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Summary

POEMS syndrome (Polyneuropathy, Organomegaly, Endocrinopathy, Monoclonal protein and Skin changes) is a rare multisystemic disease. Clinical presentation is variable, the only mandatory criteria being polyneuropathy and monoclonal gammapathy in association with one major and one minor criterion. Primary adrenal insufficiency is rarely reported. We describe a case of a 33-year-old patient, in whom the presenting symptoms were mandibular mass, chronic sensory-motor peripheral polyneuropathy and adrenal insufficiency. The laboratory evaluation revealed thrombocytosis, severe hyperkalemia with normal renal function, normal protein electrophoresis and negative serum immunofixation for monoclonal protein. Endocrinologic laboratory work-up confirmed Addison’s disease and revealed subclinical primary hypothyroidism. Thoracic abdominal CT showed hepatosplenomegaly, multiple sclerotic lesions in thoracic vertebra and ribs. The histopathologic examination of the mandibular mass was nondiagnostic. Bone marrow biopsy revealed plasma cell dyscrasia and confirmed POEMS syndrome. Axillary lymphadenopathy biopsy: Castleman’s disease. Gluco-mineralocorticoid substitution and levothyroxine therapy were started with clinical improvement. Autologous hematopoietic cell transplantation (HCT) was planned, cyclophosphamide induction was started. Meanwhile the patient suffered two ischemic strokes which resulted in aphasia and hemiparesis. Cerebral angiography revealed vascular lesions compatible with vasculitis and stenosis of two cerebral arteries. The patient deceased 14 months after the diagnosis. The young age at presentation, multiplicity of manifestations and difficulties in investigation along with the absence of serum monoclonal protein made the diagnosis challenging. We report this case to highlight the need to consider POEMS syndrome in differential diagnosis of peripheral neuropathy in association with endocrine abnormalities even in young patients.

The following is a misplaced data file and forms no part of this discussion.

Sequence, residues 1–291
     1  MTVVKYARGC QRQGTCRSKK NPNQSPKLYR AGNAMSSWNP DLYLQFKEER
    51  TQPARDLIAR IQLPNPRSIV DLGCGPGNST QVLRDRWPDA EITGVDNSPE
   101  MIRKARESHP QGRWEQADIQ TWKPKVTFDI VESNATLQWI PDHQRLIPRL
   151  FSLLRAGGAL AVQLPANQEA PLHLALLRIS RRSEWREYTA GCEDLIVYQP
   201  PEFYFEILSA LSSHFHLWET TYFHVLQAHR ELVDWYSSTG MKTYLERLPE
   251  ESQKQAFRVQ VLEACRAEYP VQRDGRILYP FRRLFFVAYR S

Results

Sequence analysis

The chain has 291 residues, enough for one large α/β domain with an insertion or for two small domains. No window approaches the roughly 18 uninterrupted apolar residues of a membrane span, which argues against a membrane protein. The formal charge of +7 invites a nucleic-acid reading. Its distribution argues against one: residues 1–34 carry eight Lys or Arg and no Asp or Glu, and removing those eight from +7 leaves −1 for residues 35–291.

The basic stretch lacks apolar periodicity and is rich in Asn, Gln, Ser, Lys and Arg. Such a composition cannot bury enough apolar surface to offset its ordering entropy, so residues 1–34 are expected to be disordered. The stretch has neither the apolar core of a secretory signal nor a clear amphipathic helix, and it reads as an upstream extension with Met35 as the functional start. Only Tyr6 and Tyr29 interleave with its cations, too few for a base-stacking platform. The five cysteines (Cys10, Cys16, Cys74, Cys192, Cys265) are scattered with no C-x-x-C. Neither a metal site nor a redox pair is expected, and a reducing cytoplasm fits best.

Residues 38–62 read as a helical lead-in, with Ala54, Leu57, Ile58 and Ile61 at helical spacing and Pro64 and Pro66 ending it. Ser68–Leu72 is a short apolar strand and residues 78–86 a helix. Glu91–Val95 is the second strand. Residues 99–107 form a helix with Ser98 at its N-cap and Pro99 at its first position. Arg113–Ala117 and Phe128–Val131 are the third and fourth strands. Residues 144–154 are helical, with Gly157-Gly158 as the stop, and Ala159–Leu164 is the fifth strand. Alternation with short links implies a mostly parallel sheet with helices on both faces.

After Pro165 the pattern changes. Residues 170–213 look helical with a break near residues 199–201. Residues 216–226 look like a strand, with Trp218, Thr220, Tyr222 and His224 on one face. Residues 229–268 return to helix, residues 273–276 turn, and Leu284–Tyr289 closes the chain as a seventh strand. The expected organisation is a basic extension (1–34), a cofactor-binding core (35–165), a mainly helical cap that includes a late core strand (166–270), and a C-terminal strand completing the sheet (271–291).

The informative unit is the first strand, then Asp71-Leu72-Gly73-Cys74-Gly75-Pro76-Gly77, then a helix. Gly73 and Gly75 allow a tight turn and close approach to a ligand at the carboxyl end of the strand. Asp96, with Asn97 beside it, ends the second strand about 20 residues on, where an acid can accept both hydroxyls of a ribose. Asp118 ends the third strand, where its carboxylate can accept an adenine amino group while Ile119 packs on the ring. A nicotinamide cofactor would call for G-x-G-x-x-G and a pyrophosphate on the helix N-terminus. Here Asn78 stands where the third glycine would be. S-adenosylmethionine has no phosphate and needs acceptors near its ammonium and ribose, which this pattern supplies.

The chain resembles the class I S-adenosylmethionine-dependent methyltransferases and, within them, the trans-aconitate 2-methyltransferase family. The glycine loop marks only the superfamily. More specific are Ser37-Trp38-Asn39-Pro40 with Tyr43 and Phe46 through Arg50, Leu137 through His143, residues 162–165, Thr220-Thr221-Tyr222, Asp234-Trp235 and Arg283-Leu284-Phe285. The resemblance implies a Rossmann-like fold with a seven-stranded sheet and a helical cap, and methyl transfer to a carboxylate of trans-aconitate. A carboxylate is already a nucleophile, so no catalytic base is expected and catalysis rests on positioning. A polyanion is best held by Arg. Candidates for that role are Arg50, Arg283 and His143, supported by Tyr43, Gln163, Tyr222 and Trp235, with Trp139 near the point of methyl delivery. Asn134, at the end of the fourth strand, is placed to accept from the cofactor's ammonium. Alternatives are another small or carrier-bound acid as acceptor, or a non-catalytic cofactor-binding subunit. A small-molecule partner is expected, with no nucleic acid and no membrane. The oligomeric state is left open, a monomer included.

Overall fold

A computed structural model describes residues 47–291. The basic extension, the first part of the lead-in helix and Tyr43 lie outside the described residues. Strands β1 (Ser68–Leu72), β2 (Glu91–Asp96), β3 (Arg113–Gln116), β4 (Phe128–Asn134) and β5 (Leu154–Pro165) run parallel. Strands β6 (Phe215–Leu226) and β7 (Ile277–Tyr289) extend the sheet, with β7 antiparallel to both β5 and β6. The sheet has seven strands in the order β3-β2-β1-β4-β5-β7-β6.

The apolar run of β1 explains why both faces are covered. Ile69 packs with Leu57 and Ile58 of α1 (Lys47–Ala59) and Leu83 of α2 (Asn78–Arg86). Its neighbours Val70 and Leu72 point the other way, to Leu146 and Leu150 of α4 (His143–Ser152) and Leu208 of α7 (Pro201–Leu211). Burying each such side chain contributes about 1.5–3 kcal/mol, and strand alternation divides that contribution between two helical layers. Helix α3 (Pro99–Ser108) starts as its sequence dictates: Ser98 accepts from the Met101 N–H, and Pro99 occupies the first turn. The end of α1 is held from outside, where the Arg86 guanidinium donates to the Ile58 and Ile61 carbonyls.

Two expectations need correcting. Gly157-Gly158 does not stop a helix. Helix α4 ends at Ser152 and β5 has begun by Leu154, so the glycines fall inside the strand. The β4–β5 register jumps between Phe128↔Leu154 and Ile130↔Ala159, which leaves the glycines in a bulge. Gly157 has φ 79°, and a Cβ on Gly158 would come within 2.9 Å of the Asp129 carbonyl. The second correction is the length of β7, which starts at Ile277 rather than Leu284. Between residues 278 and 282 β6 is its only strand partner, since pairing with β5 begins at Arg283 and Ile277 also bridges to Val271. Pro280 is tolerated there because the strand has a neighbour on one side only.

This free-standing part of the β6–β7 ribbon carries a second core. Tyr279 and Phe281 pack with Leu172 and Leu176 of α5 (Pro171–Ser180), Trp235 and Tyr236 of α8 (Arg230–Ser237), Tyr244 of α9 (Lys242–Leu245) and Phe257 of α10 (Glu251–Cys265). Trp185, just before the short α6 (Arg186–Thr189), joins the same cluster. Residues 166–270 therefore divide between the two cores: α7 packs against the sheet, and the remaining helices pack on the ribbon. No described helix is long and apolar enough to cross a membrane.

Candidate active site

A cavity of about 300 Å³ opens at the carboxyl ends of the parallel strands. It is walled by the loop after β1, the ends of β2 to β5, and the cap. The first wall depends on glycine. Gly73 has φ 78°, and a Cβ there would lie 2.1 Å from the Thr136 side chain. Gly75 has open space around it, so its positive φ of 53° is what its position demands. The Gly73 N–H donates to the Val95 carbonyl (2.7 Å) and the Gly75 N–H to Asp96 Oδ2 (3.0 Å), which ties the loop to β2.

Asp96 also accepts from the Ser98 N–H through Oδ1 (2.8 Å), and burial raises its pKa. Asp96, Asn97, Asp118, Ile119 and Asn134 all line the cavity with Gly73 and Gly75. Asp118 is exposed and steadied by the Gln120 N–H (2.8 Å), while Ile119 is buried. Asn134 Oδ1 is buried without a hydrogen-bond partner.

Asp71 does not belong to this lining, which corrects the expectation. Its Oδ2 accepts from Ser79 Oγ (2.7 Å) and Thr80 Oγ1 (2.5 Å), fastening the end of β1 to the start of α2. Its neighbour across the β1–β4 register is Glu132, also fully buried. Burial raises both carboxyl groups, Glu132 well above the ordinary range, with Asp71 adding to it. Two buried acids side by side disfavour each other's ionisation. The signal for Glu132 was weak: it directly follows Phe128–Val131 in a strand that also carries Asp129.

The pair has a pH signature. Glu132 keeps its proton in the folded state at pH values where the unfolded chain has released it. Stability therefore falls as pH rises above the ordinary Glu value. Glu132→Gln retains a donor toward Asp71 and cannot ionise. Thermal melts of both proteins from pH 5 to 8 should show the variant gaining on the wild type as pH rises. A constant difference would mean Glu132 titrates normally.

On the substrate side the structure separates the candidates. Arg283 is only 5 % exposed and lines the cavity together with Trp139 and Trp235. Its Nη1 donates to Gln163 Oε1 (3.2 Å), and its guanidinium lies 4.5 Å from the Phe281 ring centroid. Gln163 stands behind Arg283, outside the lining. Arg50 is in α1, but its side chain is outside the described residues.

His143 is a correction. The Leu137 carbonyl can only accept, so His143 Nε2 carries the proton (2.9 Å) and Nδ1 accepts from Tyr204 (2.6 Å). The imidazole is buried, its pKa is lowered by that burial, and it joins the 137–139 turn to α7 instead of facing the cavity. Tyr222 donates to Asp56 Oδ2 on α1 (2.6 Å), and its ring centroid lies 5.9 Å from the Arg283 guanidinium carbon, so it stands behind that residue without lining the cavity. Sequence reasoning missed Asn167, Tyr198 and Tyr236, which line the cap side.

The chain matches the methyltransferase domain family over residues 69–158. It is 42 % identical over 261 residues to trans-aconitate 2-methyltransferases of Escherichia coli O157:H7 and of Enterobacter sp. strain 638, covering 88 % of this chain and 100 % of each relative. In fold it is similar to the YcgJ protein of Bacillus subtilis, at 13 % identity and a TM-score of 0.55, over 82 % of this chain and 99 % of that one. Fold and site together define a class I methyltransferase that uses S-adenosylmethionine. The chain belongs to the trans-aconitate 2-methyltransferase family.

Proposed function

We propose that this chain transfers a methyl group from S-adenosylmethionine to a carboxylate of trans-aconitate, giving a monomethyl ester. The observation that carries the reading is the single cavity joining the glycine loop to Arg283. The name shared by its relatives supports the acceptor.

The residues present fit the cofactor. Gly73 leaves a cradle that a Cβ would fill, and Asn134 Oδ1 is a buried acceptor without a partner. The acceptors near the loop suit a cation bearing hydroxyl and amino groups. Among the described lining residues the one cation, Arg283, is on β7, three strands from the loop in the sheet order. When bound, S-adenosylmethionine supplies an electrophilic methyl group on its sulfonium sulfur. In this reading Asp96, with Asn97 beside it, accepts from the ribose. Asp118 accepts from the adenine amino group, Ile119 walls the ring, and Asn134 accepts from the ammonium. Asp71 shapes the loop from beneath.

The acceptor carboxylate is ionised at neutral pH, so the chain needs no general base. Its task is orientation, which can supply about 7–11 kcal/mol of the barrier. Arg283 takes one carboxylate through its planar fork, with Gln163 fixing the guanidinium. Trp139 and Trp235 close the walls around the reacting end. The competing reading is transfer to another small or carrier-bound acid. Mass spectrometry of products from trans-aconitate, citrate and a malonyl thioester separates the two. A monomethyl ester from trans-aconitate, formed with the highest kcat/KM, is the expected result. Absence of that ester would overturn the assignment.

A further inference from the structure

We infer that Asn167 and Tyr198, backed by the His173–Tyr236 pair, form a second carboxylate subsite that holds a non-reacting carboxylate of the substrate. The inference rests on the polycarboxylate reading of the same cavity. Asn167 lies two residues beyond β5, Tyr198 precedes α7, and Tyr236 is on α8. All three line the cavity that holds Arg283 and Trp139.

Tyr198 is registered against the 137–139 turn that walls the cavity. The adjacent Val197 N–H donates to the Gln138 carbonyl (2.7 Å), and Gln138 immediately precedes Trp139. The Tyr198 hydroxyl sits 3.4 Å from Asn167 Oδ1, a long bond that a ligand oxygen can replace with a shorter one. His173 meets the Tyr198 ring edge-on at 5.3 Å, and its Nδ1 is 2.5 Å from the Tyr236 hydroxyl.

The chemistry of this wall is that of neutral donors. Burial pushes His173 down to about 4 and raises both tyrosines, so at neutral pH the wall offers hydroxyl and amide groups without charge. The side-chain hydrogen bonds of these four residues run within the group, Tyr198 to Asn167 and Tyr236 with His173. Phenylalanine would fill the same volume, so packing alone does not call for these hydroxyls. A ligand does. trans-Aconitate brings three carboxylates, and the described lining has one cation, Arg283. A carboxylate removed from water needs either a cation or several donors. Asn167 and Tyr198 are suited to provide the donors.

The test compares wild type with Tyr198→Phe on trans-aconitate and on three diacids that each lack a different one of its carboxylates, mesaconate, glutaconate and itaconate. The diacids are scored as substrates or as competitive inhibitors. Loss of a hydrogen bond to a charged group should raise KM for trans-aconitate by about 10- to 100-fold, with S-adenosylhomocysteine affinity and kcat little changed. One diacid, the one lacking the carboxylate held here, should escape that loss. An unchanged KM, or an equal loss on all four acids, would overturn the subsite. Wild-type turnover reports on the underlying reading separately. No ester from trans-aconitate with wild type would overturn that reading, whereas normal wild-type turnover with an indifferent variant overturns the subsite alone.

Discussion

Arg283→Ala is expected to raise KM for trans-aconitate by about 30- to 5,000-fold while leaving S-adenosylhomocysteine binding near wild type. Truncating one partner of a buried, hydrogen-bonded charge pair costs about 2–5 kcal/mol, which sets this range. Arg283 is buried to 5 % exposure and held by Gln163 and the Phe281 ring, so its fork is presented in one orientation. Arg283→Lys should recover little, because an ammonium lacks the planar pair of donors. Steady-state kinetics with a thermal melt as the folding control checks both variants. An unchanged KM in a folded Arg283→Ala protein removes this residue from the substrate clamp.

Learning points:

  • POEMS syndrome is considered a ‘low tumor burden disease’ and the monoclonal protein in 15% of cases is not found by immunofixation.

  • Neuropathy is the dominant characteristic of POEMS syndrome and it is peripheral, ascending, symmetric and affecting both sensation and motor function.

  • Endocrinopathies are a frequent feature of POEMS syndrome, but the cause is unknown.

  • The most common endocrinopathies are hypogonadism, primary hypothyroidism and abnormalities in glucose metabolism.

  • There is no standard therapy; however, patients with disseminated bone marrow involvement are treated with chemotherapy with or without HCT.